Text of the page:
Software Engineering, Project Management, and Effectiveness
Value Realization is hot. You can think of Value Realization as simply the value extracted from a process or project.
Business leaders want to understand the benefits they’ll get from their technology solutions. They also want to see the value of their investment deliver benefits and deliver real results along the way. And, of course, they also want to accelerate adoption so that they can speed up their value realization, as well as help avoid “value leakage".”
But how do you actually do Value Realization in the real world? …
This is a guest post by Blessing Sibanyoni. Blessing delivers advisory, IT architecture, and planning services to Microsoft’s top enterprise customers within the financial services sector. He has more than 17 years of experience in the IT field. He is currently an Enterprise Architect and Strategy Advisor on behalf of Microsoft Corporation.
As an Enterprise Strategy Advisor, Blessing helps organizations achieve challenging business and organizational goals. He does so by helping them leverage value from their current and future investments, enabled by technology. Blessing has a solid record of delivering large and complex initiatives within organizations while always doing this in a mutually beneficial way. You can connect with Blessing Sibanyoni on LinkedIn.
Without further ado, here’s Blessing on Value Realization …
Often we grapple with the notion of value. At first it seems like a very simple thing but when you really take time to consider it, you realize how complicated and multi-dimensional it becomes. Take a simple example of a person who follows a methodology, based on best practices, who crosses all the t’s and dots the i’s but at the end of the day experiences a failed project or is unable to reach goals that his customers appreciate. Or perhaps, what about the notion of another who is highly intelligent but working for someone far less “intelligent” from a credentials or even IQ perspective.
What has happened here?
Why do these paradoxes occur and how do you ensure you are not ending up experiencing the same?
I would argue that at the heart of these conundrums is the notion of value. Value is the worth of something in terms of the amount of other things for which it can be exchanged. Often it’s not about inputs but rather outcomes and many state that you cannot achieve it without effecting a transformation. The transformation itself can be virtual or manifested in the real world, but for true value to be derived, transformation in whatever form, must transpire.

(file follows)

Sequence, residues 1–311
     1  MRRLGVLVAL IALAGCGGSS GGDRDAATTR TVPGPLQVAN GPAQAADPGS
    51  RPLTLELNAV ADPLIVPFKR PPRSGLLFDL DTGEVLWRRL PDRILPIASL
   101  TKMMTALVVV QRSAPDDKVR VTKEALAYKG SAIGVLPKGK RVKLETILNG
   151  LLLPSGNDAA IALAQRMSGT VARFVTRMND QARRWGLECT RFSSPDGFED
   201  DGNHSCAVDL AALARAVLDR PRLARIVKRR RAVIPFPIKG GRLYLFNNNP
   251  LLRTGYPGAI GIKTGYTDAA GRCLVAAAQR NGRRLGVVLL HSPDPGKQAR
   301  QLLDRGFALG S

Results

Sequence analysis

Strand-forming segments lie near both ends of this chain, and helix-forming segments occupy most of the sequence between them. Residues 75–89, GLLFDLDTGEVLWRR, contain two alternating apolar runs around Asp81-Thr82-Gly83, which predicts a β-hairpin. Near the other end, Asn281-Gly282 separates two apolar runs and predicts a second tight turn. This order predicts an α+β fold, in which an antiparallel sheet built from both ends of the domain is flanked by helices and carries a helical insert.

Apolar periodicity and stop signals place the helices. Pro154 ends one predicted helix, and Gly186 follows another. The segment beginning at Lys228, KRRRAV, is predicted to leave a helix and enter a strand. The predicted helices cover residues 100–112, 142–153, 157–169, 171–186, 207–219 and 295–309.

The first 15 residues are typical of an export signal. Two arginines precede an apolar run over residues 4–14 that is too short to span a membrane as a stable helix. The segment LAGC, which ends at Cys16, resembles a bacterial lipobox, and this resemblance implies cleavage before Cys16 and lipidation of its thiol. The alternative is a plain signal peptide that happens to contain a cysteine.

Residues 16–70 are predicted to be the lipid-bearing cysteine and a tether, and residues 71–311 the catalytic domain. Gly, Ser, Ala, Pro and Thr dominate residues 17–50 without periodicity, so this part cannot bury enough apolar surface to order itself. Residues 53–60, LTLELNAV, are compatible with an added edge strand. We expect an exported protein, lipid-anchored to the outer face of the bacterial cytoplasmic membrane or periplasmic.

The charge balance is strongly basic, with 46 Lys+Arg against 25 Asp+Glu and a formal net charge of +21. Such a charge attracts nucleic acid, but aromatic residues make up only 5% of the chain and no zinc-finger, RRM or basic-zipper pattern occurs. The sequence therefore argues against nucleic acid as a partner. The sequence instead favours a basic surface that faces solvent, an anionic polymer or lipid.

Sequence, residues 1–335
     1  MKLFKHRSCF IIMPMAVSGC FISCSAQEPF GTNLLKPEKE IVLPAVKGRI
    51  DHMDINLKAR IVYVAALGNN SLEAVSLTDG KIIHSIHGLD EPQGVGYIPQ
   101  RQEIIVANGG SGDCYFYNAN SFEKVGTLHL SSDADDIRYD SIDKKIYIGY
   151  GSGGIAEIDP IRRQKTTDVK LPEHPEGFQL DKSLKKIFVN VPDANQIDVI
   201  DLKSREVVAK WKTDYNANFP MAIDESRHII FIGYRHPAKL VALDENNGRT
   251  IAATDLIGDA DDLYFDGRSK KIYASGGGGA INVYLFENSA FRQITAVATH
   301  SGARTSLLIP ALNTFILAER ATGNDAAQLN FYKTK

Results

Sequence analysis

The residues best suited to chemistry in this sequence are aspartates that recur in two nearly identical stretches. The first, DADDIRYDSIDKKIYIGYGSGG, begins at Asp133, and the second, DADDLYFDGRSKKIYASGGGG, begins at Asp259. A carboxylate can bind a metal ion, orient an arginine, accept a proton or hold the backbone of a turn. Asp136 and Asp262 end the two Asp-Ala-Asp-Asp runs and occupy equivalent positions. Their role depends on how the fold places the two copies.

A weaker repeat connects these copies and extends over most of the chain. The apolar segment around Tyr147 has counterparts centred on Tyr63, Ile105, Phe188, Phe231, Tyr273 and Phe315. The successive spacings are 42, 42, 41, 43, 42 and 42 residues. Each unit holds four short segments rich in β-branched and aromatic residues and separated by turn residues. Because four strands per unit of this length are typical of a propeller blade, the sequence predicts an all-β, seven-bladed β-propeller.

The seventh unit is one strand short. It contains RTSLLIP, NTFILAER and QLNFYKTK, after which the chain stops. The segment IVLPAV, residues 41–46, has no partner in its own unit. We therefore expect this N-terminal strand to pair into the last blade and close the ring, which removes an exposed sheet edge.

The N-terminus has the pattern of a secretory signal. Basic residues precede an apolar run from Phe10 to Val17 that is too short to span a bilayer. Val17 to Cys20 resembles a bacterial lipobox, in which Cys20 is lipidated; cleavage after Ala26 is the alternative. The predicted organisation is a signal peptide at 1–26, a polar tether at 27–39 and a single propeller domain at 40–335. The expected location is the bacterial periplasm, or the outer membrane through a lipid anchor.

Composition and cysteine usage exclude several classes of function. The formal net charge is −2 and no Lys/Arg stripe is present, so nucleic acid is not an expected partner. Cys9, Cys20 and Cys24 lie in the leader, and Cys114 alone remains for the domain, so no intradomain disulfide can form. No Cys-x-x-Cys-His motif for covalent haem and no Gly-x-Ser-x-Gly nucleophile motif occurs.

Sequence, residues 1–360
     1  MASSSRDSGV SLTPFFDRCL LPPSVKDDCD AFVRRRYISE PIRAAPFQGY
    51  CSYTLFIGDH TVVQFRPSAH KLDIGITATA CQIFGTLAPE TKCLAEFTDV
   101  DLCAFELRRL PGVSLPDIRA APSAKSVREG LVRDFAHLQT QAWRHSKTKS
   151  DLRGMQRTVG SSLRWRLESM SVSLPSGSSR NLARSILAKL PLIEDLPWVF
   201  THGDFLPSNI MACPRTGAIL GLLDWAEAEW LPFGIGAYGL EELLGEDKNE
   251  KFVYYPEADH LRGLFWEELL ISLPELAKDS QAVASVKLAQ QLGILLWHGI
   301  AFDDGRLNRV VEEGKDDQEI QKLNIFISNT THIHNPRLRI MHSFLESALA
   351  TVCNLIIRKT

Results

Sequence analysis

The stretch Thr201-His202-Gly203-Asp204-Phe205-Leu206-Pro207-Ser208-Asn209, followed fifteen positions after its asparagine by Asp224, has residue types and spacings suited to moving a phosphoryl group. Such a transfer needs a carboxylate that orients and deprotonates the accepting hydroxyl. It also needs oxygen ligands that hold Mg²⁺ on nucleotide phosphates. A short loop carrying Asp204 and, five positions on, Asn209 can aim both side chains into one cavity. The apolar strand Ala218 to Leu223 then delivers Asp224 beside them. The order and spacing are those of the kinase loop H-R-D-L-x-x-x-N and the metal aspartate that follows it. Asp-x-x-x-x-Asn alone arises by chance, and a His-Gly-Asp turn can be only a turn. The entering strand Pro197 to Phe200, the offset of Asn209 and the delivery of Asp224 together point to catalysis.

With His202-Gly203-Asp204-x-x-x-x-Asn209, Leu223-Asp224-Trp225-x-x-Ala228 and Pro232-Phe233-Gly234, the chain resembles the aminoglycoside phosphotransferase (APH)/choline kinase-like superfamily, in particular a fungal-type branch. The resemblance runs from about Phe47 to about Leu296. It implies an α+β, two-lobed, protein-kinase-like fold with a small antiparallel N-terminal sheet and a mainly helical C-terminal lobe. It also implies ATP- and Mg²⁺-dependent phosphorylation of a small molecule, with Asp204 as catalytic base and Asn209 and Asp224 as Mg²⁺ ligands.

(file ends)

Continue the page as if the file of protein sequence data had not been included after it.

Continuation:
For transformation to transpire a real pain must be felt.
After spending almost two decades in public and private enterprises, I’m still intrigued by why organizations decide to spend resources on some things and not others. Often it’s the thing that seem to make the least sense which these organizations decide to put all their resources into.
This curiosity is one that lingers on especially realizing that resources are often limited and logically, one would naturally be better positioned by focusing on projects or initiatives that offer more returns and deserve more attention. One could take the cynical view that common sense is not so common, or the perspective that organizations are made of people, and people are irrational and fallible beings that bring their own biases into every situation.
So the notion of value then or the expectation of what will bring value is often subjective and largely determined in the eye of the beholder.
I have met many stakeholders who are more interested in the qualitative rather than the quantitative. Surprisingly, this is true, even in financial services!
Giving such people a quantitative, seemingly logical justification is often destined to result in failure, and the converse is also true. So, knowing your stakeholders, what drives and resonates with them is more important that coming up with a definitive, objective, rational and quantitative hypothesis in order to convince them to take some action.